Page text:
Claude Nobs (Photo Credit: Lionel Flusin)
That’s an extraordinary transformation for a town to undergo and it leaves you wondering just how it was possible. But then you visit Claude’s chalet, tucked away in the mountains overlooking the lake, and you talk to people who knew him and you stop wondering altogether. They tell you about Claude turning up to stuffy press conferences on water skis and about his respect for the musicians. How he’d insist on picking them up from Geneva airport himself, driving them to the chalet and cooking them an elaborate dinner. He was the host with the utmost, they say, but he was also a dreamer, passionate and wildly ambitious. Someone who didn’t take no for an answer.
“Nothing was impossible,” said Mathieu Jaton, Claude’s right hand man and the current CEO of the festival, who showed me round the chalet last winter. You get a sense of that from the decor. It feels less like a home and more like a live-in antiques shop or a museum of music industry memorabilia, from the jazz world and beyond. Every available surface is covered with curios and the whole place is bathed in the honeyed glow of around 30 vintage jukeboxes. There are motorbikes and vespa scooters parked in the hallways, model train sets, walls of toy cars and shelves and shelves of vinyl.
There’s a fireproof room to house the festival’s UNESCO-listed sound and video archives and a cinema room to watch them in. Downstairs is a ‘jam room’ complete with Freddie Mercury’s piano and a guitar played by Paul McCartney, where the names in the guest book include D’Angelo, Robert Plant and John McLaughlin. That’s a self-portrait by David Bowie. Over there are some photos of him and Claude on a skiing trip together. The painting by the door? That’s Snoop Dogg holding a cross and extending the hand of benediction. Why, I’ve no idea.
Mathieu remembers Claude returning from overseas trips with kilos and kilos of stuff in his luggage. “We’d say, ‘where are you going to put all of this?’ Oh just by the wall over here.” He was a hoarder, but a hoarder with style and you can’t help but wonder if programming a festival was, to him, just another form of collecting – an extension of the chalet.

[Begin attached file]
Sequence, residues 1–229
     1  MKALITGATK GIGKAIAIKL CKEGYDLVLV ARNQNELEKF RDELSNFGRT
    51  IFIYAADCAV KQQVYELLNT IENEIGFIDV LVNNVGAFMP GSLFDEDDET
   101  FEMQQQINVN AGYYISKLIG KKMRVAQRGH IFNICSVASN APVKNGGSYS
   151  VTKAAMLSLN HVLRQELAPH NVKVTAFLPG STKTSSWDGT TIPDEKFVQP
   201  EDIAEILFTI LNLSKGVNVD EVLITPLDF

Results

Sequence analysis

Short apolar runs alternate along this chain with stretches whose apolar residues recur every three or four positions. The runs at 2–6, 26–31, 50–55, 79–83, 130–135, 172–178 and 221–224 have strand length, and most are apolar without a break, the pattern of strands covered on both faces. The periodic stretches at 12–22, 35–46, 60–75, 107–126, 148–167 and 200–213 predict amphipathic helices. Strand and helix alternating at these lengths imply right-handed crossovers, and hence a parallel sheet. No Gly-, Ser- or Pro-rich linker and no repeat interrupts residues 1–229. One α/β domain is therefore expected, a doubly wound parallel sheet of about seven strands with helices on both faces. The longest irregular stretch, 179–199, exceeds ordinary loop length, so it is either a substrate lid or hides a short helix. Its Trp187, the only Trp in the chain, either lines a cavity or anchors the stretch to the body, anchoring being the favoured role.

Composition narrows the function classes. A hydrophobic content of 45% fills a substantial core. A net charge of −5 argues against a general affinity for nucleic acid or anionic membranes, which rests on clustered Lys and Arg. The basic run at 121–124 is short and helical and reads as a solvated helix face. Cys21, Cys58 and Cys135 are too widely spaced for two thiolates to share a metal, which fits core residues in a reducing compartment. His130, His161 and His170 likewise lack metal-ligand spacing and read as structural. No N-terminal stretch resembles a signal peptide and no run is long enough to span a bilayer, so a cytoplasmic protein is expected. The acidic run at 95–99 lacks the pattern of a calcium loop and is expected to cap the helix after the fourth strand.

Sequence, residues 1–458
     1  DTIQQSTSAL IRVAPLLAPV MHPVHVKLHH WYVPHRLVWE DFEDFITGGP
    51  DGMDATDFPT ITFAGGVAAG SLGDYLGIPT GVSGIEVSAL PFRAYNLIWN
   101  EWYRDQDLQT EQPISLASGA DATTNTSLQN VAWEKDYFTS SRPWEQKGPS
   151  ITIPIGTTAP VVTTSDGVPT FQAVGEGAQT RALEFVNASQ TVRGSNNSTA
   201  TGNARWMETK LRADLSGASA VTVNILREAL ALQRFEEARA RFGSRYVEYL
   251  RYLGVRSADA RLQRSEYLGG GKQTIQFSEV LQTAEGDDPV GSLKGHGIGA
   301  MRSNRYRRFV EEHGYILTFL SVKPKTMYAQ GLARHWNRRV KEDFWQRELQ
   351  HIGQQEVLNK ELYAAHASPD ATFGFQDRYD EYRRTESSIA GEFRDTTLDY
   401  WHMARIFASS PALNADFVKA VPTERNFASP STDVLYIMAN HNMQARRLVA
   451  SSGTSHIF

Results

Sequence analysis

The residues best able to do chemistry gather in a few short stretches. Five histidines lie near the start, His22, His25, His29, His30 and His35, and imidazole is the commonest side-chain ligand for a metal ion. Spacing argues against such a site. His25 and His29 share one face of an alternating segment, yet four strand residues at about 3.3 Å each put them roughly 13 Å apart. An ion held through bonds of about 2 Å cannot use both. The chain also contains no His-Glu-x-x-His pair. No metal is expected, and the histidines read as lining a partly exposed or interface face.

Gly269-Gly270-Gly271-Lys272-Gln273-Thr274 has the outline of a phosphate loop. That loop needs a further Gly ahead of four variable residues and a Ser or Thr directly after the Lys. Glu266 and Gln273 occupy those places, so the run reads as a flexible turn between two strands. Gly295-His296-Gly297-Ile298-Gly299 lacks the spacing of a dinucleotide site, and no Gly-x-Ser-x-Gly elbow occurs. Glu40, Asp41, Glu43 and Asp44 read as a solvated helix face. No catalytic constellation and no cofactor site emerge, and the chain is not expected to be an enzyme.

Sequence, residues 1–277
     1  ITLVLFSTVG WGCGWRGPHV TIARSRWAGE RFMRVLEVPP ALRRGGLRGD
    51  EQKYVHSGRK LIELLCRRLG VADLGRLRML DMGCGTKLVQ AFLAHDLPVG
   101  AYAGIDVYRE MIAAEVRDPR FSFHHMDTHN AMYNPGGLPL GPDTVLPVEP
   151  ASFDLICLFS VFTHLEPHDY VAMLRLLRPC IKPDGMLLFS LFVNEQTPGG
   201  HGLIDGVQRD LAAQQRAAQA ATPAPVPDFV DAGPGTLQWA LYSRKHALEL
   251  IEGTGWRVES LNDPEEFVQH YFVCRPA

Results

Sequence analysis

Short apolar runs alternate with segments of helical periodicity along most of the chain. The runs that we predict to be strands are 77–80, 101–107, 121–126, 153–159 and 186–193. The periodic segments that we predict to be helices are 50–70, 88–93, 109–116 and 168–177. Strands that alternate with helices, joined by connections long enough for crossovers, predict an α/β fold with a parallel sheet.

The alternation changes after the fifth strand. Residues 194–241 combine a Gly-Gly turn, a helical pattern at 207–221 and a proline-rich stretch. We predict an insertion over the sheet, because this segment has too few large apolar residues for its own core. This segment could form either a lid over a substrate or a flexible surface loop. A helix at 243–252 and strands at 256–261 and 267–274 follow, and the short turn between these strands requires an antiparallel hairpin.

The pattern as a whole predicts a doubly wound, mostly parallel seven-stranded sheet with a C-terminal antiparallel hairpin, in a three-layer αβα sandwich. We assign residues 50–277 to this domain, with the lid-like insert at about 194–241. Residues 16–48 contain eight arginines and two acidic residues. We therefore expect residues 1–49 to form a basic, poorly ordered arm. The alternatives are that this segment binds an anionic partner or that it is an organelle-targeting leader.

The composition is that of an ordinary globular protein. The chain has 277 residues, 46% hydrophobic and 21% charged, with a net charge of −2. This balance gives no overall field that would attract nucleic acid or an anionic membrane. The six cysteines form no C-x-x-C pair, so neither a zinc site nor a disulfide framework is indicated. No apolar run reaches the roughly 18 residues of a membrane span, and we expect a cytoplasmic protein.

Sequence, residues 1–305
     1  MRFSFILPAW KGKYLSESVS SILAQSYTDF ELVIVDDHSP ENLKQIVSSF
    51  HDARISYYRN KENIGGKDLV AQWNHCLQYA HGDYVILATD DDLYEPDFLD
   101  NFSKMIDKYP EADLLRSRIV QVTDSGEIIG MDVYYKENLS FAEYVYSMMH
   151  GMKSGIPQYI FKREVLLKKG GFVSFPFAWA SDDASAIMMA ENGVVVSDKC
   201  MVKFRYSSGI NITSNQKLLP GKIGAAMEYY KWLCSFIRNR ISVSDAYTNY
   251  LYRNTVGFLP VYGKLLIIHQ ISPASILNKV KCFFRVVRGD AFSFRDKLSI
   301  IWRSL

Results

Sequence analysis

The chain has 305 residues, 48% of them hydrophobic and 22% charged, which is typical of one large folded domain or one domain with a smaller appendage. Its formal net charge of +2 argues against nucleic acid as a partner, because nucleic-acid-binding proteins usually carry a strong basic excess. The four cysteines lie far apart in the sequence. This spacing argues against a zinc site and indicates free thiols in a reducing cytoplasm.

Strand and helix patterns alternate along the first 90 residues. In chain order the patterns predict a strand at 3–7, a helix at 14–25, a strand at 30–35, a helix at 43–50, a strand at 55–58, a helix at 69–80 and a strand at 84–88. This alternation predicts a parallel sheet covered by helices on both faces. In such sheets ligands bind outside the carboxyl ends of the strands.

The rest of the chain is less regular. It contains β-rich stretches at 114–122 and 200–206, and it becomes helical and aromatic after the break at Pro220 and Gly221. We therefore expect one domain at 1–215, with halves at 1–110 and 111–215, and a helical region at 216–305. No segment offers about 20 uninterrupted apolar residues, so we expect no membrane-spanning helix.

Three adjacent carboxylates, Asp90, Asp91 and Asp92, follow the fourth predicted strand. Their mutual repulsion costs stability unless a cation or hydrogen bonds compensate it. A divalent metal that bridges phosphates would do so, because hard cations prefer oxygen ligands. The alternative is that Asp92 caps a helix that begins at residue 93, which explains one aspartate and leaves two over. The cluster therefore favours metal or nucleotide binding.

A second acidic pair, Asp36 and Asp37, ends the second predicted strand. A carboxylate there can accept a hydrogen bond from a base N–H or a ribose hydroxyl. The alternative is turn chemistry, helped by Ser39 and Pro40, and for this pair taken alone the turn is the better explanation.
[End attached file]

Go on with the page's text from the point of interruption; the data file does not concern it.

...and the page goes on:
Montreux’s collection is certainly comprehensive. Highlights from the archives, released earlier this year, prove that beyond doubt. You’ll spot Oscar Peterson pouring with sweat, beating all hell out the piano and Miles looking like some jazz rock Dumbledore in a multi-coloured jacket and half-moon spectacles. Ella, Nina, Mingus, Prince, Bowie, Marvin Gaye, Ray Charles, Sun Ra and Rahsaan Roland Kirk, with a mouth full of saxophones, taking the term multi-instrumentalist quite literally – they’re all there.
Oscar Peterson (Photo Credit: Georges Braunschweig)
Appropriately, this 50th anniversary edition of Montreux felt as though it were made in Claude’s image. It was bigger and more ambitious than ever, 17 days long with 15 stages (seven of them free) plus jazz cruises and train rides, competitions, workshops, gigs in the Château de Chillon and late night raves by the waterfront. Old friends including Charles Lloyd, who headlined the very first festival, back in 1967, were in town and there were numerous tribute concerts too.
Brazilian Dream (Photo Credit: Lionel Flusin)
Claude loved Brazilian music. He was one of the first to bring it to Swiss audiences and a Brazilian spectacular in the Auditorium Stravinski, the festival’s main concert hall, was a nice touch. The sizeable Brazilian contingent in the crowd really made it, in particular a man dressed like a magnificent Latino buccaneer with waist-length hair, black winkle-pickers and a diamond stud earring, who sambaed and sang and waved a Brazilian flag. On-stage, the highlight was a turn from mandolin-player Hamilton de Holanda whose solos were astonishing – like showers of sparks.
Claude was a harmonica player, so a set from Geneva-born harmonica virtuoso Grégoire Maret seemed fitting too. It was shamelessly cheesy, but you couldn’t fault the energy. There were soulful grooves and rousing gospel jams, with a guest appearance from UK vocalist Zara McFarlane, and glorious Hammond organ solos from Ondrej Pivec – all filth and holy water.
Herbie Hancock with Terrace Martin (Photo Credit: Lionel Flusin – MJF)
Montreux always seems to have the latest gadget (another of Claude’s personality traits, I’m told). This year they were premiering a new video sharing app called Cuts, and as always all of the performances were being recorded in HD, which meant I could watch gigs from earlier in the week – things I’d agonised about missing. Top of my list was Herbie Hancock’s set from the opening weekend. Not just because it was Herbie, but because of who he was working with: Terrace Martin, the production visionary behind Kendrick Lamar’s To Pimp A Butterfly.